Covert Incest

A healthy family system has clear separation between adults and children.” When there is no separation, an emotionally toxic relationship forms.

—Dr. Patricia Love

Emotional/Covert Incest

There no diagnosis for Emotional Incest Syndrome

Not often talked about, Emotional/Covert Incest has long-lasting effects.

When a parent lacks boundaries, they can rely on a child to fulfill their emotional needs. It is suffocating. The burden on the child results in problems with intimacy and a person can find that later in life, their relationships suffer. 

In Emotional Incest, a child is forced to “shoulder” the burdens that a parent should have. 

You may also see the term, “enmeshment”.

In these types of relationships between parent and child: boundaries are lacking, blurry and non-existent.

What is it?

Unlike incest, Covert Incest does not involve touching. It is non-sexual behaviour. There are behaviours like: commenting on the child’s body (mainly in a sexual manner; nicknames such as “boyfriend”, “girlfriend”, “my lover”, etc.; demands for attention to fulfill the parents’ emotional needs; engaging in sexual behaviour in front of the child (watching the child undress); and, inappropriate sex talk.

Some people will grow up not knowing that they have actually experienced emotional abuse.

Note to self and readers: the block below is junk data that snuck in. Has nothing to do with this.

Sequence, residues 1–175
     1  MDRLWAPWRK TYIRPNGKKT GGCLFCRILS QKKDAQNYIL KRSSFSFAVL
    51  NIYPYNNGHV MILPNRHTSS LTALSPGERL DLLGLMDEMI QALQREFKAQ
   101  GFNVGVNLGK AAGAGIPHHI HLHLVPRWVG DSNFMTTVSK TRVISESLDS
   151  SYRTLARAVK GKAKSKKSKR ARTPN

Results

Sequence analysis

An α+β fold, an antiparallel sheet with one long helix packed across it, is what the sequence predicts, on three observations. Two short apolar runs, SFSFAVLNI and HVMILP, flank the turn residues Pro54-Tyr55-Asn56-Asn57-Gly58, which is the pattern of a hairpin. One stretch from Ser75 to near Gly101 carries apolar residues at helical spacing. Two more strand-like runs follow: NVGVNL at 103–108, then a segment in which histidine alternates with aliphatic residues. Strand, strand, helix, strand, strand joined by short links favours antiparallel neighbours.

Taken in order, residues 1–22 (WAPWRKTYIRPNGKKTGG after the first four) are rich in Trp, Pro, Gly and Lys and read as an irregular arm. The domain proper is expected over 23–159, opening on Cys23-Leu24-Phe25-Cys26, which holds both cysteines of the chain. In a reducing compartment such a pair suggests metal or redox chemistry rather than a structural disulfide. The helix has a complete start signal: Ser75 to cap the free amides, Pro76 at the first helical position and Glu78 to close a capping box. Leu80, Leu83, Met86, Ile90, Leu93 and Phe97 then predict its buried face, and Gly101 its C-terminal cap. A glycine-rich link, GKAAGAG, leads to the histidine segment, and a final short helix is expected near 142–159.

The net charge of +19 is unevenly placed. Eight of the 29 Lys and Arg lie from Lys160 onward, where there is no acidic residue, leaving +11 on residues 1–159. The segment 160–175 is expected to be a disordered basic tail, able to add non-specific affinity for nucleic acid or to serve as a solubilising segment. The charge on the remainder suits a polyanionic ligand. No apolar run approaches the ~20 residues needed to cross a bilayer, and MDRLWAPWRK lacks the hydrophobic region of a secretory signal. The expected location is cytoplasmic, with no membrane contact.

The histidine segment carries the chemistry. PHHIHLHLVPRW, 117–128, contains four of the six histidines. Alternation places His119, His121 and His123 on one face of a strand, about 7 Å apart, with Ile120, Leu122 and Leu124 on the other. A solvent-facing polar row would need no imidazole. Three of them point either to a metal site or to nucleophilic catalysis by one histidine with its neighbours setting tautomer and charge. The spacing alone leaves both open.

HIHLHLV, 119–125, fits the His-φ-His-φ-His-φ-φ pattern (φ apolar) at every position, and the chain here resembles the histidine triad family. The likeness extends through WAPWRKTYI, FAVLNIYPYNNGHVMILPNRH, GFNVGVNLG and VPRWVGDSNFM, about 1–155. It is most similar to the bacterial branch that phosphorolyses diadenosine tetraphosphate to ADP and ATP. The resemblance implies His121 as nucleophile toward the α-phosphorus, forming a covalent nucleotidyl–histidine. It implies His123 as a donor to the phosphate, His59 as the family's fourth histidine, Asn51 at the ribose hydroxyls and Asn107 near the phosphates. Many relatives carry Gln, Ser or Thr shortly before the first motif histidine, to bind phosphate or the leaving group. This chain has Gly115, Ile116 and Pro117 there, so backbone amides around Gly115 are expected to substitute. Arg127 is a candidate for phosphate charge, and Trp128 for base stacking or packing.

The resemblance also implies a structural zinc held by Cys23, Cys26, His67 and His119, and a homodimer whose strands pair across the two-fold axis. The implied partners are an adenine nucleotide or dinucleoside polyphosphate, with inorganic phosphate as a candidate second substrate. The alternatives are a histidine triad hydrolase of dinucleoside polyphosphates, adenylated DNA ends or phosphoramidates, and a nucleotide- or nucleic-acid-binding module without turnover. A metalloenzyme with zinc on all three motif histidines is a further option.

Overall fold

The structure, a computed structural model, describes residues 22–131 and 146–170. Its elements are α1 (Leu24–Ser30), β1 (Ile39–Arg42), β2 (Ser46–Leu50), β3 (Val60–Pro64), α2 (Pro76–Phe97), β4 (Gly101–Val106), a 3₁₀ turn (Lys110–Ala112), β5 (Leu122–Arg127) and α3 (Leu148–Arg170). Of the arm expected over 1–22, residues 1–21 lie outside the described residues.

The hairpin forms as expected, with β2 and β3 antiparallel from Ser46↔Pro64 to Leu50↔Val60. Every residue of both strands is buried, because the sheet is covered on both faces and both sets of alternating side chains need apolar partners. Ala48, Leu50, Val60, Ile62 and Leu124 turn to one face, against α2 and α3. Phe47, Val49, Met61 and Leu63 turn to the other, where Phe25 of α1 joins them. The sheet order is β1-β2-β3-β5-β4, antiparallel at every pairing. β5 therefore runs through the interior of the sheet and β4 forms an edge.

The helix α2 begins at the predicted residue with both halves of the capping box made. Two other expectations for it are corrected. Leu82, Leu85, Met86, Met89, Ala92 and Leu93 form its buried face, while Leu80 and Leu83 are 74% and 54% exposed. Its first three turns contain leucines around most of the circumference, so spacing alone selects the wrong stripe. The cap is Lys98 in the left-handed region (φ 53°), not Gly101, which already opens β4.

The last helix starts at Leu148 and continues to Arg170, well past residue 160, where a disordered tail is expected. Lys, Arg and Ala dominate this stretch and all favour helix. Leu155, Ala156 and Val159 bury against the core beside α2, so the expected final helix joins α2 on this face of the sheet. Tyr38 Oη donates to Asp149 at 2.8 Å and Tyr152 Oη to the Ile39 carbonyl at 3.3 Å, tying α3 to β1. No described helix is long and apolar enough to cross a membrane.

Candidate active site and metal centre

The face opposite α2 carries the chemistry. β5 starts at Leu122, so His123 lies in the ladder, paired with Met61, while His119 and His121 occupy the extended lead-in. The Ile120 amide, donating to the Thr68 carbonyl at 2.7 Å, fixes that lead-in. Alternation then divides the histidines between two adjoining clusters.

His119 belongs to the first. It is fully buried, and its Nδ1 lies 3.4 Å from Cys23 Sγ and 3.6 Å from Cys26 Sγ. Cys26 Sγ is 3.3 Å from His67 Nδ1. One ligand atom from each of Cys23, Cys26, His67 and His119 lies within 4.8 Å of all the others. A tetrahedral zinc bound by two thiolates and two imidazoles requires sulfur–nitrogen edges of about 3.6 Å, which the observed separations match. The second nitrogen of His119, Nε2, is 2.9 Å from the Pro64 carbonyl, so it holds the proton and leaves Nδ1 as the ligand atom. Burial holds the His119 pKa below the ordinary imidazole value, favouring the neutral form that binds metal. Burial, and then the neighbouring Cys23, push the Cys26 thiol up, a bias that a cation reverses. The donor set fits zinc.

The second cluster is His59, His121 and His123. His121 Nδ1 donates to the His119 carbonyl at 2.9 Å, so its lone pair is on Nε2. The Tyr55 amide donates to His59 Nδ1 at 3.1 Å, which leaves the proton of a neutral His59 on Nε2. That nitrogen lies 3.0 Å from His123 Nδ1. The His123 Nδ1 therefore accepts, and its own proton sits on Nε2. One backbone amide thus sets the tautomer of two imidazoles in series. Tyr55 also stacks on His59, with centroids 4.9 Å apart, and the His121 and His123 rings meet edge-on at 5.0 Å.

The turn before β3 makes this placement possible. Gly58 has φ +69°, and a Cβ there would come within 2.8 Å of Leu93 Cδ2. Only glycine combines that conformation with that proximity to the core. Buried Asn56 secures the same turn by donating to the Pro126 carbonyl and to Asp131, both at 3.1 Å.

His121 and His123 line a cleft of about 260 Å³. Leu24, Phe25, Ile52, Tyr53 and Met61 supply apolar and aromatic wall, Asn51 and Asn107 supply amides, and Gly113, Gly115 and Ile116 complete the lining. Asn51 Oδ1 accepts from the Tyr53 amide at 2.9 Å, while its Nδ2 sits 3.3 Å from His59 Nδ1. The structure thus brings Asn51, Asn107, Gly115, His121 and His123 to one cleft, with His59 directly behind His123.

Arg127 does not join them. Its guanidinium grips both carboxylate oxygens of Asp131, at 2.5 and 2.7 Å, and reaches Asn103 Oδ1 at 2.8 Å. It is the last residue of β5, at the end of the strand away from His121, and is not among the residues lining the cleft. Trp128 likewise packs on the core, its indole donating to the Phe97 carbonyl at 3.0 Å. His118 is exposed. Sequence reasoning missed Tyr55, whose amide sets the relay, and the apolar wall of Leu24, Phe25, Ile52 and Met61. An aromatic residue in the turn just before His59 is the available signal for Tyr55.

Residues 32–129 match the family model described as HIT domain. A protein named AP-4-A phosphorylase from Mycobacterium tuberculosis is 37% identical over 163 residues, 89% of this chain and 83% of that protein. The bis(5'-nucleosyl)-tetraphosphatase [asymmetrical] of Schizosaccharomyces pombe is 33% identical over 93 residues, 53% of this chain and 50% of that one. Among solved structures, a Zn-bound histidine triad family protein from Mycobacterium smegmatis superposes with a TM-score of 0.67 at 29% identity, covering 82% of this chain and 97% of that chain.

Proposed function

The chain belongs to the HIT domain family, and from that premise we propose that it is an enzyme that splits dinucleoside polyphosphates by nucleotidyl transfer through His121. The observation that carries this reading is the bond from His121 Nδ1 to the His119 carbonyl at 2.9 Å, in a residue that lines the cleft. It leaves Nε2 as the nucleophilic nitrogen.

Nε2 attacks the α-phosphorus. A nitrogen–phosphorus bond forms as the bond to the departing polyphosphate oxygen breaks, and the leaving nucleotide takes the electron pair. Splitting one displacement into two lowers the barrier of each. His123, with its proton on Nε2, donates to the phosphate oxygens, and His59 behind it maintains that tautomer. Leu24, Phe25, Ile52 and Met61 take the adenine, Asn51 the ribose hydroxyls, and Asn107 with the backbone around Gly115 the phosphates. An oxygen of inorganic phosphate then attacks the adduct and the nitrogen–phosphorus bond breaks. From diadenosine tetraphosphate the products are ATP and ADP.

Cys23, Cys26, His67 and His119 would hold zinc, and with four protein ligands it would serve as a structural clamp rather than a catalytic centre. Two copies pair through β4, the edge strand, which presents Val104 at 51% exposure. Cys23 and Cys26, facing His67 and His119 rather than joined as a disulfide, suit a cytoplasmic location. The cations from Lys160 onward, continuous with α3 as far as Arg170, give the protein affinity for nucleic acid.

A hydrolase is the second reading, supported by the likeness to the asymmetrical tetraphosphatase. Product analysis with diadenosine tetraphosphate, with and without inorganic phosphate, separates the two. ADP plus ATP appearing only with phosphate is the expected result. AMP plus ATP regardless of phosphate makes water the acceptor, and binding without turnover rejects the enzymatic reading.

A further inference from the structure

Is There a Diagnosis?

Emotional Incest Syndrome is not in the DSM V. There is a scale to help people know if they have experienced it. 

Bottom line: you were pressured to play an emotional role as a child to be a “partner” to a parent.

What Causes It?

One of the reasons is that a parent is unhappy in their relationship, or they are divorced or separated. Other causes are: grief/loss; lack of intimacy between your parents; domestic violence in the family; and fear of abandonment. The boundaries might have been crossed when the parent was a child. This is called “generational enmeshment”. 

Personality disorders such as Narcissistic Personality Disorder can cause a parent to be inappropriate. 

What Does it Look Like?

  1. Crying and expecting the child to comfort
  2. Telling secrets the child should not know
  3. Discouraging friendships
  4. Jealousy when the child is not close 
  5. Sharing responsibility about finances, where to live
  6. Expecting compliments and praise

It may enter into sexual areas (without touching):

  1. Talking about their sexual experiences
  2. Spending time while nude
  3. Invading privacy
  4. Commenting on the child’s body in sexual ways
  5. Dates with the child

Long-Term Effects

People may grow up feeling burdened. They may feel frustrated and obligated in their relationship with a parent.

You may have trouble saying “no” and are a people-pleaser. You may feel responsible for the emotions of others. 

Unfortunately, the effects of Covert Incest lead to problems like intimacy issues and disorders; sexual addictions; relationship issues. Some people will flee because they do not want the “pressure” of a relationship.

You may feel insecure and inadequate. Boundaries could be a problem along with anger and shame. There may be sexual dysfunction.

How to Heal?

Healing past trauma is possible. A therapist that you connect with and understands emotional abuse would help. Different types of therapy such as Cognitive Behaviour Therapy or EMDR (eye-movement desensitization and reprocessing might help. 

Journaling, books, 12-step models, and group therapy can also help!

Recognizing is the first step. Then once you see how you may have Emotional Incest Syndrome, you can begin to take some steps to find peace.

Remember: you have done nothing wrong. You were a child. You can get help.